Each participating agency has drafted its version of the proposed rule to generally cover the types of entities that the agency supervises. But the OCC and FDIC specifically have carved out any “person providing insurance” from their definition of who is covered. By contrast, the Fed’s version of this language does not include that carveout language—it does not mention “person providing insurance” at all. Instead, it provides that its rule would cover a subsidiary of a BHC “that is not a depository institution, broker-dealer or investment adviser.” This implies that an insurance subsidiary of a BHC could be covered.
The SEC’s version of the rule does not explicitly state that insurance companies are included or excluded; it limits its coverage to broker-dealers and investment advisers, but some insurance providers could fall under those categories. In addition, in soliciting comments on the proposal, the agencies specifically ask a question related to insurance companies that are investment advisers: “Should the determination of average total consolidated assets be further tailored for certain types of investment advisers, such as charitable advisers, non-U.S.-domiciled advisers, or insurance companies (emphasis added) and, if so, why and in what manner?” Thus, it seems that the SEC means for its rule to capture insurance companies, at least to some extent.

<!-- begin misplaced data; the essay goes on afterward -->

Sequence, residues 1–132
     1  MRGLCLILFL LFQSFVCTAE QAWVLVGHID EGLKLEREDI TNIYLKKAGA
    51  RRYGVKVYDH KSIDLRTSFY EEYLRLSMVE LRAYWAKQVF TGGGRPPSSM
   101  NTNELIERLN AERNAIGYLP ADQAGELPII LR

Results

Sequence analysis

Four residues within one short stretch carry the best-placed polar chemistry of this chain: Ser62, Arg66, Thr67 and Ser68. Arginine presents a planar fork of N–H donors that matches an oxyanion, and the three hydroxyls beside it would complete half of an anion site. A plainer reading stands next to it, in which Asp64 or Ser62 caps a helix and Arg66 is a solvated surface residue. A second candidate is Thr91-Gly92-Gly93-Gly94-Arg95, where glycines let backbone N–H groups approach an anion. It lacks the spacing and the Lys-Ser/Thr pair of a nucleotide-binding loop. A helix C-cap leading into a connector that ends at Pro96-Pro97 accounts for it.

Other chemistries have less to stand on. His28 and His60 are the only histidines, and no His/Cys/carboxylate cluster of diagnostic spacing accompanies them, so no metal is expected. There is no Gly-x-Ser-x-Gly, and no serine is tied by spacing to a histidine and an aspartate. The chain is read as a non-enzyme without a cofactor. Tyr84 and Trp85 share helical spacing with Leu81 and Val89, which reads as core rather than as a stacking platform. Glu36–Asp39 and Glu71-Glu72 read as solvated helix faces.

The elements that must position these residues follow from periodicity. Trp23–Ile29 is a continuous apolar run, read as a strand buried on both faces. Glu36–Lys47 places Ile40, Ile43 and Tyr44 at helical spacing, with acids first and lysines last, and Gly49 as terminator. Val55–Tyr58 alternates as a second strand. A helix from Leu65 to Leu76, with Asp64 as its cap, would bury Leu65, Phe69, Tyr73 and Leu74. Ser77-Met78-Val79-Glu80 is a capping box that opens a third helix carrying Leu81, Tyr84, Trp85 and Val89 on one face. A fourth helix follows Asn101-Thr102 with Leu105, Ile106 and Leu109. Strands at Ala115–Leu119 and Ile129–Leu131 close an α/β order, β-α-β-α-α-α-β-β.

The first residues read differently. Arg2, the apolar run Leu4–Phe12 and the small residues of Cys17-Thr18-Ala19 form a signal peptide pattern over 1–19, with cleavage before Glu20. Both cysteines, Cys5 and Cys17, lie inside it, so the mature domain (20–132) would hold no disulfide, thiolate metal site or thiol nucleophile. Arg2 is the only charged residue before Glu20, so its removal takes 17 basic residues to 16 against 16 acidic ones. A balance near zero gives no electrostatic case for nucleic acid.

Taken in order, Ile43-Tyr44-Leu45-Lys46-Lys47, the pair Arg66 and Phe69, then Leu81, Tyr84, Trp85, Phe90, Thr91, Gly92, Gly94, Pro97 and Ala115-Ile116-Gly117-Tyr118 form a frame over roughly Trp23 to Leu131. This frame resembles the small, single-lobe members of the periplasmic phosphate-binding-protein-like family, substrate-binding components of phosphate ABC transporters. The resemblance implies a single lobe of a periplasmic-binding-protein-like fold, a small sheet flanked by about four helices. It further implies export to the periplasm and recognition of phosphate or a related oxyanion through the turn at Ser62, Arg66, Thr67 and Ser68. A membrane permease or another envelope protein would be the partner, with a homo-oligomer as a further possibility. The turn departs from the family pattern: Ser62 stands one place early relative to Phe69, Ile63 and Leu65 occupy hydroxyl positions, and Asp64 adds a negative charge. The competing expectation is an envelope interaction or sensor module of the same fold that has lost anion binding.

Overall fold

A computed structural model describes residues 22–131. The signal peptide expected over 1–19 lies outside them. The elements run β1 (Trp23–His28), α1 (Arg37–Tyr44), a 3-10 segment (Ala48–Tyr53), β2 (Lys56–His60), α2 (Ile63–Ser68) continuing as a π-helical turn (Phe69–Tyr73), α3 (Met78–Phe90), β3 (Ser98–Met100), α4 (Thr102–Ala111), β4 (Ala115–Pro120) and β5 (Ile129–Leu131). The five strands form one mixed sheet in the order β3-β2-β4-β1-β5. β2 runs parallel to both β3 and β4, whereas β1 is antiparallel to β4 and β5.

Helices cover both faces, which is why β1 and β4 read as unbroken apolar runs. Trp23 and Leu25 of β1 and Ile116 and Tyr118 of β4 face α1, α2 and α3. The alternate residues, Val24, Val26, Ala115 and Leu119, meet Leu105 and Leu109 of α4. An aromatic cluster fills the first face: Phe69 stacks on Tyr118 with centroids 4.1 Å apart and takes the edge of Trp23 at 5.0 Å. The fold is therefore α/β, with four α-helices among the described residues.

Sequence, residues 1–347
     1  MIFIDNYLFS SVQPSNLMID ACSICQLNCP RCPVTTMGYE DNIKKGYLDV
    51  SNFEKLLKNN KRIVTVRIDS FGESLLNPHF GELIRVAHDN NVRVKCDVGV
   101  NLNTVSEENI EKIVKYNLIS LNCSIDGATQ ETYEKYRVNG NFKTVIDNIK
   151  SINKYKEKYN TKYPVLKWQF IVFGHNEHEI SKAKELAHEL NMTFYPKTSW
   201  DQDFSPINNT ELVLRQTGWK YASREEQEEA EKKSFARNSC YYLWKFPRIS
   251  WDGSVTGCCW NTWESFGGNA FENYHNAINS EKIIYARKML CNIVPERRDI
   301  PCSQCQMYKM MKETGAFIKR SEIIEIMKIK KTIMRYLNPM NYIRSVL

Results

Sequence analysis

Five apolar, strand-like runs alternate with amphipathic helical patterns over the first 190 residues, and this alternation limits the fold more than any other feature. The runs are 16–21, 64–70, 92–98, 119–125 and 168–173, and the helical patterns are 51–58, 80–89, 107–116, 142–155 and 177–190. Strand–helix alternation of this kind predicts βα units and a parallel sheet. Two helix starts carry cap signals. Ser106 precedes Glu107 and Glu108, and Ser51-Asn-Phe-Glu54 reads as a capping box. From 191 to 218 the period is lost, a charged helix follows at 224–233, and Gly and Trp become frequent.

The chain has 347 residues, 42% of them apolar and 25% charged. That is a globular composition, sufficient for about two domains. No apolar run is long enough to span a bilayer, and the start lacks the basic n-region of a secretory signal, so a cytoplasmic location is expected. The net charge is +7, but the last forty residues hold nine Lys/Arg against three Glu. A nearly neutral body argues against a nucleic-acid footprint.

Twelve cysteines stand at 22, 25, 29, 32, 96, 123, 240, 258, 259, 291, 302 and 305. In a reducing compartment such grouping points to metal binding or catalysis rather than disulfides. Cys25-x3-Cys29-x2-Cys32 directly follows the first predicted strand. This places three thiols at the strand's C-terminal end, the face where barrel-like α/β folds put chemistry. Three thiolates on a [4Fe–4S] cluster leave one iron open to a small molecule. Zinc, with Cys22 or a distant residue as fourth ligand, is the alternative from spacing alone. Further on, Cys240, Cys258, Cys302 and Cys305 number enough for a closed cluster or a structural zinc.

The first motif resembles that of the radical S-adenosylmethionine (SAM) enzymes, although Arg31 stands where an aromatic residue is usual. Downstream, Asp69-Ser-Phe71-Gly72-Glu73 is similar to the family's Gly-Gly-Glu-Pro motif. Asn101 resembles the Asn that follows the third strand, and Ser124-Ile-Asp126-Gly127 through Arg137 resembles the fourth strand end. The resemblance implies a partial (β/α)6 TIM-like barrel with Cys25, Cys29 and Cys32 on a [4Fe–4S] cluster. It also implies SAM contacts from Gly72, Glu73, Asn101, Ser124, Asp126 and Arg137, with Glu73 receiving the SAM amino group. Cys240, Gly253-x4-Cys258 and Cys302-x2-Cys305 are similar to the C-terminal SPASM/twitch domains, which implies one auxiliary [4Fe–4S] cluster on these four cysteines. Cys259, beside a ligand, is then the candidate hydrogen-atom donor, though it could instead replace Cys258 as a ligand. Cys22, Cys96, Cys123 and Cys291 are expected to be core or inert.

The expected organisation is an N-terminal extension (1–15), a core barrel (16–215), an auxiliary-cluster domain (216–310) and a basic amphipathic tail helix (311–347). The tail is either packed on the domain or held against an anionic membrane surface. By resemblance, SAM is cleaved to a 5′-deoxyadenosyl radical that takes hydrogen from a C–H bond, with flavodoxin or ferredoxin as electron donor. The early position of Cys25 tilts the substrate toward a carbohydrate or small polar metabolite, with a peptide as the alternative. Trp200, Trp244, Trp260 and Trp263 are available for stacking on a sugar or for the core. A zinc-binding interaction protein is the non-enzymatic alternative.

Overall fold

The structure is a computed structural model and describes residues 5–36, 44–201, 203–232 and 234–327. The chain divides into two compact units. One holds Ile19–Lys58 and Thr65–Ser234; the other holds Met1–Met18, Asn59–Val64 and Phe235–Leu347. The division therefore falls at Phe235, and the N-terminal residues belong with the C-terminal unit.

Even if the rules do apply to insurance companies, another important question remains: who would enforce the rule against such companies? Despite its supervisory authority over subsidiaries of BHCs generally, the Fed has only limited supervision and enforcement authority regarding insurance subsidiaries of BHCs. Instead, such authority primarily resides with state insurance authorities.
All these issues are ripe for comment and consideration by the agencies as part of the rulemaking process. Insurance companies and others that may be impacted by this regulation should consider submitting comments to request clarification or specific changes, or to request that proposed language should be finalized as proposed, since the agencies will read, log, and consider all comments they receive.